FC: Poetry and the use of Sound Devices by Mrs. Schlinger
2: Alliteration- repetition of initial consonant sounds
3: cascading cats dressy daffodils lounging lamas
4: A Smile As Sweet As Spring | “Places and Men” by William Allingham In Sussex here, by shingle and by sand, Flat fields and farmsteads in their wind-blown trees, The shallow tide-wave courses to the land, And all along the down a fringe one sees Of ducal woods. That 'dim discovered spire' Is Chichester, where Collins felt a fire Touch his sad lips; thatched Felpham roofs are these, Where happy Blake found heaven more close at hand. Goodwood and Arundel possess their lords, Successive in the towers and groves, which stay; These two poor men, by some right of their own, Possessed the earth and sea, the sun and moon, The inner sweet of life; and put in words A personal force that doth not pass away.
5: "Summum Bonum" by Robert Browning All the breath and the bloom of the year in the bag of one bee: All the wonder and wealth of the mine in the heart of one gem: In the core of one pearl all the shade and the shine of the sea: Breath and bloom, shade and shine, wonder, wealth, and--how far above them-- Truth, that's brighter than gem, Trust, that's purer than pearl,-- Brightest truth, purest trust in the universe--all were for me In the kiss of one girl
6: Consonance-repetition of consonant sounds within and at the ends of words
7: blank, think strong, string lady lounges lazily dark deep dread
8: "A Drop Fell on the Apple Tree" Emily Dickinson A DROP fell on the apple tree Another on the roof; A half a dozen kissed the eaves, And made the gables laugh. A few went out to help the brook, That went to help the sea. Myself conjectured, Were they pearls, What necklaces could be! The dust replaced in hoisted roads, The birds jocoser sung; The sunshine threw his hat away, The orchards spangles hung. The breezes brought dejected And bathed them in the glee; The East put out a single flag, And signed the fete away.
9: "The Soul's Expression" Elizabeth Barrett Browning With stammering lips and insufficient sound I strive and struggle to deliver right That music of my nature, day and night With dream and thought and feeling interwound And inly answering all the senses round With octaves of a mystic depth and height Which step out grandly to the infinite From the dark edges of the sensual ground. This song of soul I struggle to outbear Through portals of the sense, sublime and whole, And utter all myself into the air: But if I did it,--as the thunder-roll Breaks its own cloud, my flesh would perish there, Before that dread apocalypse of soul.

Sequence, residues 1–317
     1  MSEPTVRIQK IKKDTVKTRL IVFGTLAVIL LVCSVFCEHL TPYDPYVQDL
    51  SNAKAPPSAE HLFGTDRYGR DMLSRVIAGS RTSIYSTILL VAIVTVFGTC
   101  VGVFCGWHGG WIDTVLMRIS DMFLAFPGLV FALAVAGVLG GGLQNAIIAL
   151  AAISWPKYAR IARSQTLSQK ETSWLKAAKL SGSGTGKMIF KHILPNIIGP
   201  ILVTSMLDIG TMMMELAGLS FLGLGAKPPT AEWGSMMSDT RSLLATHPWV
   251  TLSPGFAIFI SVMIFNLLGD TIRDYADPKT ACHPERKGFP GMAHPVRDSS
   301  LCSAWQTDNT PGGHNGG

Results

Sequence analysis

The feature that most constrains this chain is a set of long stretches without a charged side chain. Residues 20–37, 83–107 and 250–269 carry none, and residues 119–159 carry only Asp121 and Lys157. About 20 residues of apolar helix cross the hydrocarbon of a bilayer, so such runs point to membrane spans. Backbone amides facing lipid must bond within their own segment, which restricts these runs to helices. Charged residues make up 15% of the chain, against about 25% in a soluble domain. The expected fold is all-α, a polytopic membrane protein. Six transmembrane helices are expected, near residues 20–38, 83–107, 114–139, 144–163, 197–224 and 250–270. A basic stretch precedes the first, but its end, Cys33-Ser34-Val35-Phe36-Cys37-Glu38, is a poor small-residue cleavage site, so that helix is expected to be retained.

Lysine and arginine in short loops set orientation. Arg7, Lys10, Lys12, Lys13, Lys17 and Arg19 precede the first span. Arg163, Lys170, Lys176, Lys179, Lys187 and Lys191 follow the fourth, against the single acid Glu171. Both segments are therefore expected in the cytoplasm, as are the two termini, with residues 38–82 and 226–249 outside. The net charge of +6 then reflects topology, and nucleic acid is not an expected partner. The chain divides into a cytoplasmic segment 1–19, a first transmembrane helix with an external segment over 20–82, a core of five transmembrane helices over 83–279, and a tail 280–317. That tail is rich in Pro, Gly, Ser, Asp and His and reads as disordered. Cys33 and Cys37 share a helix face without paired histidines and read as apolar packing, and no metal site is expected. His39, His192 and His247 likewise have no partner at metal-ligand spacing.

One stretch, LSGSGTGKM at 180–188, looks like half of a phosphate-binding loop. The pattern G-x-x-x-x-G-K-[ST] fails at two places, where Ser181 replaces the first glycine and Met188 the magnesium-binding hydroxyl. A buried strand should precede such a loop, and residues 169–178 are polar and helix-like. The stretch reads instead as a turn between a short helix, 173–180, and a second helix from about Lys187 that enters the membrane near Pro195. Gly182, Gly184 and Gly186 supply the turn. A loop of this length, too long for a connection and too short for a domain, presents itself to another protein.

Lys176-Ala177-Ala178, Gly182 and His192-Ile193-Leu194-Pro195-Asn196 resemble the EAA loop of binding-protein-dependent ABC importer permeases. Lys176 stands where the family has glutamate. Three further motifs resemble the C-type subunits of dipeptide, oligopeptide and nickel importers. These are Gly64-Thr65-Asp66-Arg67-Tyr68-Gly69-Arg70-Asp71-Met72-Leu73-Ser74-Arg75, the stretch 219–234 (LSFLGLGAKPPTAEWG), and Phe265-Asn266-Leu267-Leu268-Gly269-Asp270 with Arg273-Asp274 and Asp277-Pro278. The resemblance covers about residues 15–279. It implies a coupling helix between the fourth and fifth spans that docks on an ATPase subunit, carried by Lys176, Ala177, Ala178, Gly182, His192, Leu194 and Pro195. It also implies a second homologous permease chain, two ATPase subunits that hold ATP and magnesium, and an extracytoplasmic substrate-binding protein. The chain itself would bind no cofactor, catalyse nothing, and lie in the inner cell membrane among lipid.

10: Assonance-repetition of vowel sounds when consonant sounds are unalike, creating partial rhyme
11: mellow bells crumbling thunder purple curtain
12: Nothing Is So Beautiful As Spring | "Do Not Go Gentle Into That Good Night" Dylan Thomas Do not go gentle into that good night, Old age should burn and rave at close of day; Rage, rage against the dying of the light. Though wise men at their end know dark is right, Because their words had forked no lightning they Do not go gentle into that good night. Good men, the last wave by, crying how bright Their frail deeds might have danced in a green bay, Rage, rage against the dying of the light. Wild men who caught and sang the sun in flight, And learn, too late, they grieve it on its way, Do not go gentle into that good night. Grave men, near death, who see with blinding sight Blind eyes could blaze like meteors and be gay, Rage, rage against the dying of the light. And you, my father, there on the sad height, Curse, less, me now with your fierce tears, I pray. Do not go gentle into that good night. Rage, rage against the dying of the light.
13: Nothing Is So Beautiful As Spring | "The Raven" (excerpt) Edgar Allan Poe And the silken sad uncertain rustling of each purple curtain Thrilled me- filled me with fantastic terrors never felt before; So that now, to still the beating of my heart, I stood repeating, "'Tis some visitor entreating entrance at my chamber door- Some late visitor entreating entrance at my chamber door;- This it is, and nothing more." Presently my soul grew stronger; hesitating then no longer, "Sir," said I, "or Madam, truly your forgiveness I implore; But the fact is I was napping, and so gently you came rapping, And so faintly you came tapping, tapping at my chamber door, That I scarce was sure I heard you"- here I opened wide the door;- Darkness there, and nothing more.
14: Poetic Sound Devices
15: Alliteration | Consonance | Assonance